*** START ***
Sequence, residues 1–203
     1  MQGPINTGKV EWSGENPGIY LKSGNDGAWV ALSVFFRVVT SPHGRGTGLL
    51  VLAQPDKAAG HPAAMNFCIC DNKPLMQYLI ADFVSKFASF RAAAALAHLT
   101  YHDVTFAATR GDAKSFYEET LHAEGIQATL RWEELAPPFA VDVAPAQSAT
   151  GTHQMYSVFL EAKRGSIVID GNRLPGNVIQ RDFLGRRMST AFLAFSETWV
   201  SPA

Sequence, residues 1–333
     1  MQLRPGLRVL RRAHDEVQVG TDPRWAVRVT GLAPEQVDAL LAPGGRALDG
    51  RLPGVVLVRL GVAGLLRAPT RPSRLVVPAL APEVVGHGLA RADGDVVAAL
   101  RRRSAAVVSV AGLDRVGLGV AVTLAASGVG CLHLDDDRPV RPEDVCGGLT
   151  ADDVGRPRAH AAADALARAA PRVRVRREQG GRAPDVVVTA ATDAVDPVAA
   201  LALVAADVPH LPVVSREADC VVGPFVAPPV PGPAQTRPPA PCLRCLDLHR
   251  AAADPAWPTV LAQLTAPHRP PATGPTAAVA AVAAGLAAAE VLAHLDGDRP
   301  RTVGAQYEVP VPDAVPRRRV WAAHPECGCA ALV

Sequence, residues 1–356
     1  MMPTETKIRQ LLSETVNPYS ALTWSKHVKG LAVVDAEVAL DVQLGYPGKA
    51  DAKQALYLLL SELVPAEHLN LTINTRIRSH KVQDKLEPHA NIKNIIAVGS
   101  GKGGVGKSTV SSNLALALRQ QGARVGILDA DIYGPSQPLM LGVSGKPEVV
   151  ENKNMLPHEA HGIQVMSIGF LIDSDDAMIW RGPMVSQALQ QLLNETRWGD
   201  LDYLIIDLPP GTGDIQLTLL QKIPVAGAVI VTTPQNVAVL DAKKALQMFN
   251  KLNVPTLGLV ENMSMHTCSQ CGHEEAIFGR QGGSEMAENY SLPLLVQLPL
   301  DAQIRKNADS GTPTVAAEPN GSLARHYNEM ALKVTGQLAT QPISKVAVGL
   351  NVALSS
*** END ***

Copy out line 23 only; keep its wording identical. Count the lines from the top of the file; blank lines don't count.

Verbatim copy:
   351  NVALSS